This detailed report was prepared by the Congressional Research Service of the Library of Congress. The CRS serves Congress. When a Congressman or a Senator asks the CRS to report on a topic, the CRS produces a report. This is its y2k report.
The report says that more than mainframe computers are at risk (p. 2). The y2k problem applies to mainframes, micros, minis, and networks. It also applies to "telecommunications systems" (p. 2). The report warns that fixing the problem is "a very complex management task" (p. 3).
Other problems include "the plethora of computer languages in existence today, the lack of source code and documentation for older software, and the shortage of programmers with skills in older languages" (p. 3). In short, there is no quick fix, no "silver bullet."
Then there is testing. "Testing is particularly laborious because the modified software must be tested in conjunction with all possible combinations of other software programs it interacts with to ensure functioning has not changed" (p. 4).
It lists problem areas: Social Security, the IRS, the military, the Federal Aviation Administration, state and local systems, banking, telephones, credit cards, drugs, medical records, and business. This is a comprehensive list (pp. 3-4).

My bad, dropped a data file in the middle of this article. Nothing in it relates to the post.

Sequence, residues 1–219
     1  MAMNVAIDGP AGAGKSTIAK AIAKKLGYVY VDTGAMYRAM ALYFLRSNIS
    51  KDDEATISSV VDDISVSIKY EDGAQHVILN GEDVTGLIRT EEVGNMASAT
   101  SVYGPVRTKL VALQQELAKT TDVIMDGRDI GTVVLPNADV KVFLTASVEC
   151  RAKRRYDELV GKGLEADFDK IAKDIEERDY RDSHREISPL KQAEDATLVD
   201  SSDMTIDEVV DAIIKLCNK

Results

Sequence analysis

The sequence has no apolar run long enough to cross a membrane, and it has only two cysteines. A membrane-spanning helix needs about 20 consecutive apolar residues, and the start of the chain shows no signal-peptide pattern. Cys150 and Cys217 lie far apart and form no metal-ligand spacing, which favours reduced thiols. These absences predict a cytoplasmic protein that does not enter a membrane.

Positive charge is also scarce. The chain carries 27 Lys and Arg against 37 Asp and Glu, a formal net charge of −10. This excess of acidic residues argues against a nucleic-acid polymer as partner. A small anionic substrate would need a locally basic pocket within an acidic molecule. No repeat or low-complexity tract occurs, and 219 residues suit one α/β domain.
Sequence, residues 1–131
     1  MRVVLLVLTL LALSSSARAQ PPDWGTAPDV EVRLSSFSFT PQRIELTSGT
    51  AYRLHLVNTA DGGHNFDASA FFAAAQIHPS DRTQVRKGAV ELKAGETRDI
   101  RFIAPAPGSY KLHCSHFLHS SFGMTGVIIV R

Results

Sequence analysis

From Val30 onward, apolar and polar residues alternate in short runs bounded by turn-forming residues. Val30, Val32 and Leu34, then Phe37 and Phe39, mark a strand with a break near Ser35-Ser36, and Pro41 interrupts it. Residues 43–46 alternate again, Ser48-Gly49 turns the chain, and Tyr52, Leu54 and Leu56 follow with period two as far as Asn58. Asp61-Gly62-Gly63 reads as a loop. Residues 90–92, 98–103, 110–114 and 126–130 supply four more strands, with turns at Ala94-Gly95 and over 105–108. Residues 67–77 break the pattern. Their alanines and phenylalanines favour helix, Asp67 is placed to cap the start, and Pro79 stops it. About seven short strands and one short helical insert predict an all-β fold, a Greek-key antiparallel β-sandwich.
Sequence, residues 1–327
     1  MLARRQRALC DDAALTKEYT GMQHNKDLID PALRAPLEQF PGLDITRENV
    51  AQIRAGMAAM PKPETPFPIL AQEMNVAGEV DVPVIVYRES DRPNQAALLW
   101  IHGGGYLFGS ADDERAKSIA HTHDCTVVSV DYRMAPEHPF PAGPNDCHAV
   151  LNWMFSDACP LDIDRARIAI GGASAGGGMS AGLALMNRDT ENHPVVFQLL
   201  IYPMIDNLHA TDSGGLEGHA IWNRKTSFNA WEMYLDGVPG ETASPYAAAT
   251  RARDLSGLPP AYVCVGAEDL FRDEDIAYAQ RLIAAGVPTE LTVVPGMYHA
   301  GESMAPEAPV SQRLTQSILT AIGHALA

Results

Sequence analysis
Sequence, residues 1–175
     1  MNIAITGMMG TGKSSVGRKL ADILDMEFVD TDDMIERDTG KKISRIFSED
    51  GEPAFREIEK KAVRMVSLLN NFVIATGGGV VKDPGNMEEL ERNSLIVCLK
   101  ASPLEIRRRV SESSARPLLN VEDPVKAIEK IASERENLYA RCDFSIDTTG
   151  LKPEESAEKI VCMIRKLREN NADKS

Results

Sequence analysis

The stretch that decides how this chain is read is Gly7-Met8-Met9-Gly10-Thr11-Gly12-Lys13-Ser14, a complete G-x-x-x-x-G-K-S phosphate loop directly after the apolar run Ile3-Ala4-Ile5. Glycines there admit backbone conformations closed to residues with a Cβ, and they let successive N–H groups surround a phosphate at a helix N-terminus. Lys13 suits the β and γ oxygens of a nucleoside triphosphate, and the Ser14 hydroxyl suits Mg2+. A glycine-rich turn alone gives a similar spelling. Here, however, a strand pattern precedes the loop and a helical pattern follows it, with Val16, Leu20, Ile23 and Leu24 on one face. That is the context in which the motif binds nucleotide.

Here is the big one, in my view: the Achilles heel. "Other systems that are not year-2000 compliant could send file information into the corrected databases, corrupting these databases. Flawed data can easily enter from the private sector into government agencies' database, and from foreign countries into US computer system[s]" (p. 5).
In short, if you don't fix all of them in a way that allows all of them to interact, none of them is safe. You must fix everything to be sure of anything. But it's impossible to fix everything.
What about the Department of Defense? ". . . for many DOD systems the work has not yet begun" (p. 5). The DOD has let every service solve its own problem (p. 5). There is no formal chain of command.
The absence of a chain of command afflicts private industry. Remember, this is a worldwide problem. There is no coordinator. The report says: "Most industry groups will need to make coordinated efforts to convert their software so that they can continue to interoperate as they do today. The securities industry, for example. . . . Other industries that must coordinate their year 2000 efforts include banks, insurance companies, telecommunications providers, computer manufacturers, and airlines" (p. 7). (The author left out railroads.)
"Because the United States is more heavily dependent on computers than other nations, the year-2000 is probably a greater challenge here than anywhere else. The economic impacts of businesses and government failing to correct the problem, both domestically and internationally, could be dramatic" (p. 10). Dramatic, indeed!